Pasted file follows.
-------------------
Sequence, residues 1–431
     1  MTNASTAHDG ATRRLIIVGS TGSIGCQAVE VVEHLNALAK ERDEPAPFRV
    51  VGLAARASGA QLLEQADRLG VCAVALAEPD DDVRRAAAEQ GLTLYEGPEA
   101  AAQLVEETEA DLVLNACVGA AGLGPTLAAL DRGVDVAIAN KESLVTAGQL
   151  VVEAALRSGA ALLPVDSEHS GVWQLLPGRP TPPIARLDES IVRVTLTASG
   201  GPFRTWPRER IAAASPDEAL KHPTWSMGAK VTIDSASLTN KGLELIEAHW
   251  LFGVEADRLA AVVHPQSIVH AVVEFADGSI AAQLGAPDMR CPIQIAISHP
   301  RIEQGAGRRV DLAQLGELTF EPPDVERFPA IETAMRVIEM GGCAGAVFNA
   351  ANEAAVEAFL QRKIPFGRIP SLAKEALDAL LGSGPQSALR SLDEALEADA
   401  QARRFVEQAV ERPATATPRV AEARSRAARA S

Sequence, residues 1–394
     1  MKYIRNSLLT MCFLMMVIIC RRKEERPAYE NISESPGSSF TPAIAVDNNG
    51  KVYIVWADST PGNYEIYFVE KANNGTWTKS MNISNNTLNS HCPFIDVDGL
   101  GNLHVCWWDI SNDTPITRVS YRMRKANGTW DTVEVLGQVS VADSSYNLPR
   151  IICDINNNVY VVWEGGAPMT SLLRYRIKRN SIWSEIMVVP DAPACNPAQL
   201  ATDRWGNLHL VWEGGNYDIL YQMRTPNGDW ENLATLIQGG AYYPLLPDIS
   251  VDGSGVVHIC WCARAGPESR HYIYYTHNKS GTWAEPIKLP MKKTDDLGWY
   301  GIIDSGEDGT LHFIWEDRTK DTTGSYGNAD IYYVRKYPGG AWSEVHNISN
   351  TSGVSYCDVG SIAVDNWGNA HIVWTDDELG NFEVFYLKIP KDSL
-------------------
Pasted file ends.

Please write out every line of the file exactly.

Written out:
Sequence, residues 1–431
     1  MTNASTAHDG ATRRLIIVGS TGSIGCQAVE VVEHLNALAK ERDEPAPFRV
    51  VGLAARASGA QLLEQADRLG VCAVALAEPD DDVRRAAAEQ GLTLYEGPEA
   101  AAQLVEETEA DLVLNACVGA AGLGPTLAAL DRGVDVAIAN KESLVTAGQL
   151  VVEAALRSGA ALLPVDSEHS GVWQLLPGRP TPPIARLDES IVRVTLTASG
   201  GPFRTWPRER IAAASPDEAL KHPTWSMGAK VTIDSASLTN KGLELIEAHW
   251  LFGVEADRLA AVVHPQSIVH AVVEFADGSI AAQLGAPDMR CPIQIAISHP
   301  RIEQGAGRRV DLAQLGELTF EPPDVERFPA IETAMRVIEM GGCAGAVFNA
   351  ANEAAVEAFL QRKIPFGRIP SLAKEALDAL LGSGPQSALR SLDEALEADA
   401  QARRFVEQAV ERPATATPRV AEARSRAARA S

Sequence, residues 1–394
     1  MKYIRNSLLT MCFLMMVIIC RRKEERPAYE NISESPGSSF TPAIAVDNNG
    51  KVYIVWADST PGNYEIYFVE KANNGTWTKS MNISNNTLNS HCPFIDVDGL
   101  GNLHVCWWDI SNDTPITRVS YRMRKANGTW DTVEVLGQVS VADSSYNLPR
   151  IICDINNNVY VVWEGGAPMT SLLRYRIKRN SIWSEIMVVP DAPACNPAQL
   201  ATDRWGNLHL VWEGGNYDIL YQMRTPNGDW ENLATLIQGG AYYPLLPDIS
   251  VDGSGVVHIC WCARAGPESR HYIYYTHNKS GTWAEPIKLP MKKTDDLGWY
   301  GIIDSGEDGT LHFIWEDRTK DTTGSYGNAD IYYVRKYPGG AWSEVHNISN
   351  TSGVSYCDVG SIAVDNWGNA HIVWTDDELG NFEVFYLKIP KDSL